When people are good at their work, they seem to do their jobs effortlessly. We never see the hours of practice behind the dancer’s bravura performance or the pianist’s breathtaking delivery nor the years of experience behind the actor’s overnight success, the accountant’s instant analysis or the cook’s fabulously original meal pulled together with left-overs and kitchen odds-and-ends. And so it is with the practiced precision of poetry …

EB Collected PoemsElizabeth Bishop’s One Art  seems effortless but over the course of years she rewrote it seventeen times.

 In the short video that follows Professor M. Mark at Vassar College (Bishop’s alma mater) discusses Elizabeth Bishop, her work, and her only villanelle,* One Art, which is included in The Complete Poems 1926-1978 (recommended reading). .

One Art

The art of losing isn’t hard to master;
so many things seem filled with the intent
to be lost that their loss is no disaster.

Lose something every day. Accept the fluster
of lost door keys, the hour badly spent.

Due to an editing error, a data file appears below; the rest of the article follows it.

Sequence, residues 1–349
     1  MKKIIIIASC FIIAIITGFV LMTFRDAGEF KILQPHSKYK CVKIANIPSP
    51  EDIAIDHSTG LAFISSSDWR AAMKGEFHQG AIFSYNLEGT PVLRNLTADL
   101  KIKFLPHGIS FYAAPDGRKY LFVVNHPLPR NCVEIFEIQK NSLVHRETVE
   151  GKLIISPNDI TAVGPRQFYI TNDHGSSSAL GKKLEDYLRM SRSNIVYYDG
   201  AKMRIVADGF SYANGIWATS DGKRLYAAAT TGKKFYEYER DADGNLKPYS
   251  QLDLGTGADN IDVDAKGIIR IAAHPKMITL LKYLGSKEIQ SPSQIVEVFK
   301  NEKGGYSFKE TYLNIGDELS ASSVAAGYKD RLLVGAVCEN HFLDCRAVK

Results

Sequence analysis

The art of losing isn’t hard to master.

Then practice losing farther, losing faster:
places, and names, and where it was you meant
to travel. None of these will bring disaster.

I lost my mother’s watch. And look! my last, or
next-to-last, of three loved houses went.
The art of losing isn’t hard to master.

I lost two cities, lovely ones. And, vaster,
some realms I owned, two rivers, a continent.
I miss them, but it wasn’t a disaster.

—Even losing you (the joking voice, a gesture
I love) I shan’t have lied. It’s evident
the art of losing’s not too hard to master
though it may look like (Write it!) like disaster.

– Elizabeth Bishop

Video uploaded by Vassar College.

* Vinanelle ~ a nineteen-line poem with two rhymes throughout, consisting of five tercets and a quatrain, with the first and third lines of the opening tercet recurring alternately at the end of the other tercets and with both repeated at the close of the concluding quatrain. New Oxford American Dictionary

© 2016, words, Jamie Dedes, All rights reserved